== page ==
I guess the short answer is be careful and skeptical. Try to find out as much as you can about who did the work and what their qualifications are. If any of it looks less than professional, better to err on the side of caution. I'm not a formally trained welder and most of what I know I taught myself or learned at the Kansas Jack frame machine 2 week course. However, I do have "real world" experience and this description is based upon that. Take it "for what it's worth"...

    Russ

    85 K30 CUCV, 350 TBI, TH400, 205, D60/C14, 4.56 Locked
    Some day: 4" lift, 44" tires, massive cutting, shorter wb and rear overhang.
     
  5. LKJR

    LKJR 1/2 ton status

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    Don't know how to reply after a descriptive novel like his, very good job, I know the "chop shop'?? I think anyway, in Cali, does a lot of this and they do a Z cut on both sides on the trucks they shorten. to keep the stressed area from welding or whatever over a broader area and don't have a butt seam, I would avoid any kind of butt joint in a frame if it were me.......

    Like em big and topless
    Excuse me...Would you mind removing your import from under my chevy?
     
  6. chevyracing

    chevyracing 1/2 ton status

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    <blockquote><font class="small">In reply to:</font><hr>

    As far as plates, I don't like them, I don't use them, and I think they cause more harm than good. No offense to anyone who may choose to use them but, I think of them as a crutch for someone who does not trust their work. "Fish plating" causes a rigid area of the frame where they are welded in. Truck frames are *designed* to flex. Removing the ability of the frame to flex along it's length will create stress points along side the rigid areas. Just like the area around the steering box, when you localize flex (stress), you get cracks. I have seen pieced frames done by expert welders (better welders than me, but not frame men) weld up frames and it would break right beside the welded "reinforcing" plates. Now, but welding (end to end and weld the meeting) is also to be avoided. Generally what I did was cut a 1/2 to 1" wide strip (sectioned to fit inside the frame) from the scrap frame pieces (same exact alloy) and tack them behind one piece so that it forms a pretty much solid wall inside the frame. Then, slide tab A inside frame section B until the 2 pieces of frame are lined up (with beveled edges). Then, you can weld the butted edges with a hot arc, get good penetration, and not worry (as much) about the puddle dropping out or "blowing through". This results in a repair that will still flex with the rest of the frame and will be pretty much as strong as the original frame before the cut. I have seen frames that I welded that were subsequently wrecked to the point of being completely mangled and I have never (after I learned the described procedure) had a frame weld break.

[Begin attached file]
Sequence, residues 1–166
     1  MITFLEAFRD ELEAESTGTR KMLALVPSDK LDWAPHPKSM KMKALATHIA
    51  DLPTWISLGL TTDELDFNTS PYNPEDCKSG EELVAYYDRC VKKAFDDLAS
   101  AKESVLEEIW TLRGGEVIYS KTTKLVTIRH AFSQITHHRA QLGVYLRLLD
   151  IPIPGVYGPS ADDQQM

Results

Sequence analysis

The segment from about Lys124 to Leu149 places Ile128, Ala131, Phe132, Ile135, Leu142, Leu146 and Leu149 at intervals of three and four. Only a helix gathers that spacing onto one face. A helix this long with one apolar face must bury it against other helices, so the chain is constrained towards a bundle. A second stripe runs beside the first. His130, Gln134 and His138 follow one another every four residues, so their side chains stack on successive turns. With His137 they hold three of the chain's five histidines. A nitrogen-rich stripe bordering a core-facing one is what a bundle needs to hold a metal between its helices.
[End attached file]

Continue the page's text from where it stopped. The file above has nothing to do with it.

There is one thing that is hard to tell after the fact (you can only guess based on the quality of the weld) is whether the frame has been hardened by improper welding. Usually from improper pre-heating and welding multiple passes without properly watching the metal temp between passes. Many other factors can also lead to a brittle area around the weld which is likely to crack

    <hr></blockquote>

    That's what I was going to say!!!!!!! [​IMG]

    Like to go sloppin' 'round in da mud in a rapid fashion....=)

    <a target="_blank" href=http://coloradok5.com/gallery/albun31?&page=1>See my pics here</a>
     
  7. laketex

    laketex 3/4 ton status

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    man what a bunch of good ideas of what to look for. I appreciate it greatly. Always like to know what i'm buying first hand instead of trusting the seller. Thanks again.

    Bryan

    Sherman, Tx
    <font color=red>The blazer's almost on the road....anyone got tree fiddy?</font color=red>
     
  8. Leadfoot

    Leadfoot 1/2 ton status Premium Member

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    A "Z" cut is one of the best ways I have "heard" of when lengthening/shortening a frame. It is harder to do than a straight cut, but it does ellimate the "butt" seam. No matter what kind of cut it is, the joint is only as good as the weld so inspect that carefully. I also agree that you can overbrace the frame, as stated above, it was designed to flex (which for most of the people on this board is a good thing).

    See my rig at <a target="_blank" href=http://coloradok5.com/gallery/Leadfoot> click here </a>